Turing: I see your point. Wittgenstein: I have no point.
I read: “. . . philosophers are no nearer to the meaning of ‘Reality’ than Plato got, . . .” What a strange situation. How extraordinary that Plato could have got even as far as he did! Or that we could not get any further! Was it because Plato was so extremely clever?
Anxiety in the face of death is anxiety ‘in the face of’ that potentiality-for-Being which is one’s ownmost, non-relational, and not to be outstripped. That in the face of which one has anxiety is Being-in-the-world itself. That about which one has this anxiety is simply Dasein’s own potentiality-for-Being. Anxiety in the face of death must not be confused with fear in the face of one’s demise. This anxiety is not an accidental or random mood of ‘weakness’ in some individual; but, as a basic state-of-mind of Dasein, it amounts to the disclosedness of the fact that Dasein exists as a thrown Being towards its end. Thus the existential conception of “dying,” is made clear as thrown Being towards its ownmost potentiality-for-Being, which is non-relational and not to be outstripped. Precision is gained by distinguishing this from pure disappearance, and also from merely perishing, and finally from the ‘Experiencing’ of a demise.
Martin Heidegger, Being and Time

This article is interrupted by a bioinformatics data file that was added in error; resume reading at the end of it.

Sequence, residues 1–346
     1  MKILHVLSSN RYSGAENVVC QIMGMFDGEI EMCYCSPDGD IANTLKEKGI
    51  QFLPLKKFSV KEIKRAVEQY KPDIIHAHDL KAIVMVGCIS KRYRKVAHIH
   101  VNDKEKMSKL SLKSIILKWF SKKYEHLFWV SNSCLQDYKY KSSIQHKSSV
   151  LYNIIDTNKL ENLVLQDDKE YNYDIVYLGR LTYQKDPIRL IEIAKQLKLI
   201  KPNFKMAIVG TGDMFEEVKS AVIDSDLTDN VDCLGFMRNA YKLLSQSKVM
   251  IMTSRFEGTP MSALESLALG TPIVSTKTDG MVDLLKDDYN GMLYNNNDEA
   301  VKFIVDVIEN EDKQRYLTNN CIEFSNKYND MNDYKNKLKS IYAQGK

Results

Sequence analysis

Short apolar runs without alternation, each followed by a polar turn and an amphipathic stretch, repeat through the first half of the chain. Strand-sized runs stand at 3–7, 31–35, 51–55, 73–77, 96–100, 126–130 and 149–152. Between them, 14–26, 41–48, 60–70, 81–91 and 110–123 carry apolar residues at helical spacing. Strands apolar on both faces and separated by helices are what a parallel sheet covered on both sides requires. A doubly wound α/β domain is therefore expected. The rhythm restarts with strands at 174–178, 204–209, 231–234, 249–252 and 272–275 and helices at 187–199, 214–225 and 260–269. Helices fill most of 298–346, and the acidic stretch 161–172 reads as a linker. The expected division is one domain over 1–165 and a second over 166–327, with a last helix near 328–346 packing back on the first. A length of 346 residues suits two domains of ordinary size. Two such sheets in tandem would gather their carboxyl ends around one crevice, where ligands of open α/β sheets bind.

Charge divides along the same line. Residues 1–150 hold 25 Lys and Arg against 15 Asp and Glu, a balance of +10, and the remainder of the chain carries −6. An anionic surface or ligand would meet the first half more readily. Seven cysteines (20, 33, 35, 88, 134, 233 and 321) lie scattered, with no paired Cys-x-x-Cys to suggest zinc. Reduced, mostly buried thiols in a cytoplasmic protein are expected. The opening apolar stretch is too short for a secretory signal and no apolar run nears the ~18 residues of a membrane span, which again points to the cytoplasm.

There are ages in which the rational man and the intuitive man stand side by side, the one in fear of intuition, the other with scorn for abstraction. The latter is just as irrational as the former is inartistic. They both desire to rule over life: the former, by knowing how to meet his principle needs by means of foresight, prudence, and regularity; the latter, by disregarding these needs and, as an “overjoyed hero,” counting as real only that life which has been disguised as illusion and beauty. Whenever, as was perhaps the case in ancient Greece, the intuitive man handles his weapons more authoritatively and victoriously than his opponent, then, under favorable circumstances, a culture can take shape and art’s mastery over life can be established. All the manifestations of such a life will be accompanied by this dissimulation, this disavowal of indigence, this glitter of metaphorical intuitions, and, in general, this immediacy of deception: neither the house, nor the gait, nor the clothes, nor the clay jugs give evidence of having been invented because of a pressing need. It seems as if they were all intended to express an exalted happiness, an OIympian cloudlessness, and, as it were, a playing with seriousness. The man who is guided by concepts and abstractions only succeeds by such means in warding off misfortune, without ever gaining any happiness for himself from these abstractions. And while he aims for the greatest possible freedom from pain, the intuitive man, standing in the midst of a culture, already reaps from his intuition a harvest of continually inflowing illumination, cheer, and redemption-in addition to obtaining a defense against misfortune. To be sure, he suffers more intensely, when he suffers; he even suffers more frequently, since he does not understand how to learn from experience and keeps falling over and over again into the same ditch. He is then just as irrational in sorrow as he is in happiness: he cries aloud and will not be consoled. How differently the stoical man who learns from experience and governs himself by concepts is affected by the same misfortunes! This man, who at other times seeks nothing but sincerity, truth, freedom from deception, and protection against ensnaring surprise attacks, now executes a masterpiece of deception: he executes his masterpiece of deception in misfortune, as the other type of man executes his in times of happiness. He wears no quivering and changeable human face, but, as it were, a mask with dignified, symmetrical features. He does not cry; he does not even alter his voice. When a real storm cloud thunders above him, he wraps himself in his cloak, and with slow steps he walks from beneath it.